Java is an object-oriented programming language designed by James Gosling. It inherits much of its syntax from C.
The primary design goal of the Java language is 'write once, compile once, run anywhere' portability. A Java program can be written and compiled, and can then be run on any system that the JVM (Java Virtual Machine) has been ported to.
Java source code is often compiled to byte-code to be run by the JVM, although native-code compilers do exist.
Contrary to popular belief, Java is very fast, outperforming C in a few well-documented cases. However, the Java Virtual Machine will always consume more resources than the runtime support required by 'lower-level' languages like C.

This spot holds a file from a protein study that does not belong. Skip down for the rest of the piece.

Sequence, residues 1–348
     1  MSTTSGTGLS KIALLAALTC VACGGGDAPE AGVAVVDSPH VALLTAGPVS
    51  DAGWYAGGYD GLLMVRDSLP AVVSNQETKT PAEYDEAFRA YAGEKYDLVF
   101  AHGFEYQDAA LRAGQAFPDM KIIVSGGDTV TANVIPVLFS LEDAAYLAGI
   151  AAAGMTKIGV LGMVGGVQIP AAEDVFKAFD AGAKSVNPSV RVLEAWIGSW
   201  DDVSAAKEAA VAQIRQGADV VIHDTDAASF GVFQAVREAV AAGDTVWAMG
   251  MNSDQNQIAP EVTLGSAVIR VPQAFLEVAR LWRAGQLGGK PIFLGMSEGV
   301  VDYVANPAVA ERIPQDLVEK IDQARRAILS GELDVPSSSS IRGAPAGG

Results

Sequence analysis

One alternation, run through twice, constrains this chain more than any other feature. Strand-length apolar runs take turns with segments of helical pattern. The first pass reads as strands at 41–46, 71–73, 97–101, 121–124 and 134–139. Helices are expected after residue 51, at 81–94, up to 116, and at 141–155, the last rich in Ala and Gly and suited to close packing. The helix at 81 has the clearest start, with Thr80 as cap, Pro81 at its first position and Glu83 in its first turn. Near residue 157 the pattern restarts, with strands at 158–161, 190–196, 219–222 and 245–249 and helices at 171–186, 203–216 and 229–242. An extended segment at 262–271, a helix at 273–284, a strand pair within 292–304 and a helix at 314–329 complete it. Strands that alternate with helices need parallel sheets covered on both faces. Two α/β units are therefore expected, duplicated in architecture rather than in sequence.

Java compilers tend to be very careful about 'trusting the programmer' - this is often a cause for frustration among new users of the language. By and large, it forces better programming style.
The Java Runtime Environment is plagued by licensing restrictions that make it difficult to deploy in some scenarios (for example, on a free operating system). Projects like OpenJDK and GNU Classpath attempt to make this less painful.
Java is often viewed as 'nooby' because Java code is (usually) run on a virtual machine. I guess Python, C#, Perl, Smalltalk, and Prolog are 'nooby' too. ;)
Java is a popular programming language.
That program is written in Java.
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